Aunice Yvonne Reed, M.S., M.A.
A behavioral therapist is an individual who uses various strategies and techniques derived from the behaviorism school of thought in psychology. Techniques can be applied to many different types of situations and conditions, but the primary focus is to change behavior and teach skills to improve day-to-day social functioning.
applied behavioral analysis is essential to behavioral therapists
Applied Behavioral Analysis (ABA) is the science of behavior modification, a term used interchangeably with "behavioral therapy." ABA is the preferred scientific term when referring to the principles and interventions of behavior modification. Behavioral therapists use ABA extensively in their work with clients who may be exhibiting socially inappropriate behaviors, or those which are unhealthy and harmful. Behavioral therapists obtain certification as a Board Certified Behavior Analyst (BCBA).
Behavior therapists are concerned primarily with behavior that is observable. They want to see it in action and they prefer to work with it in the setting it occurs, such as an educational or home setting. For example, a child with a neurodevelopmental disorder like Autism Spectrum Disorder (ASD) or Attention-Deficit Hyperactivity Disorder (ADHD) will work with an ABA therapist, someone who is certified in ABA techniques and strategies. These training periods often occur in the child's home with their parents, and in their school with the child's teachers. ABA therapists teach the family of a child with a neurodevelopmental disorder how to reinforce behavior that is appropriate and acceptable. A therapist who specializes in Applied Behavioral Analysis typically begins with an assessment of the individual's behavior. It is referred to as functional behavioral analysis (FBA).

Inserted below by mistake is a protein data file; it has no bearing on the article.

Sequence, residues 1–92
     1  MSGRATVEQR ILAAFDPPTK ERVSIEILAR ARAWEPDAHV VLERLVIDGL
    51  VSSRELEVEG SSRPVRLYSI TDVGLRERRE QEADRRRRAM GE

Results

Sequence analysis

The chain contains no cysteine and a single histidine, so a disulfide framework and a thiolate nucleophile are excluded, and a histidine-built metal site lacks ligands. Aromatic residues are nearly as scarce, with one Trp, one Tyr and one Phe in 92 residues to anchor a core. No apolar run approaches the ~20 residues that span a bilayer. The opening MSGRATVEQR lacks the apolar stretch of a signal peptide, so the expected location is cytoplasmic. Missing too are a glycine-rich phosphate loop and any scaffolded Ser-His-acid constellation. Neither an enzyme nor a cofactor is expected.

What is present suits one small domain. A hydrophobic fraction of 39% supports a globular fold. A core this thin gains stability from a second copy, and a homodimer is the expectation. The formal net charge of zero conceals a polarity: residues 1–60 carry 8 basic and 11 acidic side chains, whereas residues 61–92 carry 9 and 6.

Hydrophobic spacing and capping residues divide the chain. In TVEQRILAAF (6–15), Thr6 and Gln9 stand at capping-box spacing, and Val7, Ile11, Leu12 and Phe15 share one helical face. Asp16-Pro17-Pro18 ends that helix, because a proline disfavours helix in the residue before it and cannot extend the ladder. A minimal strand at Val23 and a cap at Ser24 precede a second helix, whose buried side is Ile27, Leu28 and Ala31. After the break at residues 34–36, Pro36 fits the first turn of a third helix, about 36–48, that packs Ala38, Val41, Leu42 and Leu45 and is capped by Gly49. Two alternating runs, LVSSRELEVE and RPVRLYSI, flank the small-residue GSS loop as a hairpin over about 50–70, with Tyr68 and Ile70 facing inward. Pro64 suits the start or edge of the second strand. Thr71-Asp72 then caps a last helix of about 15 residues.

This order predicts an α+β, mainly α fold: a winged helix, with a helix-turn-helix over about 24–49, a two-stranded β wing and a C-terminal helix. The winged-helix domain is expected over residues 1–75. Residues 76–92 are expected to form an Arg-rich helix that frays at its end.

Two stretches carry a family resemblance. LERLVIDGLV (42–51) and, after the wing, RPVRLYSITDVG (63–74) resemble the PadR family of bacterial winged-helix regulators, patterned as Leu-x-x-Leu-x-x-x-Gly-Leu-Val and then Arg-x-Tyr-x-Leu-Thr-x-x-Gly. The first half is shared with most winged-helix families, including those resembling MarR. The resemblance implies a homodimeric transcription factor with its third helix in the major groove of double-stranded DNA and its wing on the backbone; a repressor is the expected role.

An ABA therapist conducts a functional behavioral assessment (or analysis, if you prefer) to understand more about the individual's behavior. They are more specifically interested in what is sustaining negative behavior, such as a temper tantrum. ABA therapists use the ABC Model, which will help them understand what is happening in sequence:
What Does a Behavior Therapist Do?
Behavior therapists use techniques to help people change their behavior, usually one that they want to stop or reduce. Behavioral therapists and behavior analysts work with people who have conditions such as: Autism Spectrum Disorder, Attention-Deficit Hyperactivity Disorder, Obsessive Compulsive Disorder, Substance Use Disorders, Trichotillomania (hair-pulling disorder) and Neurocognitive difficulties such as Alzheimer's Disease. They also work with people who may have Phobias or a Traumatic Brain Injury (TBI).
If you have at least a high school education, you can start working with clients who are receiving ABA services while working under supervision of a qualified supervisor.
Steps for becoming a behavior therapist IN the united states
1. Complete your Bachelors degree in a human behavior related major such as psychology, human development, biological psychology or child development. Completing your degree in a behavioral science isn't required, but it's helpful, especially if you desire to work with clients.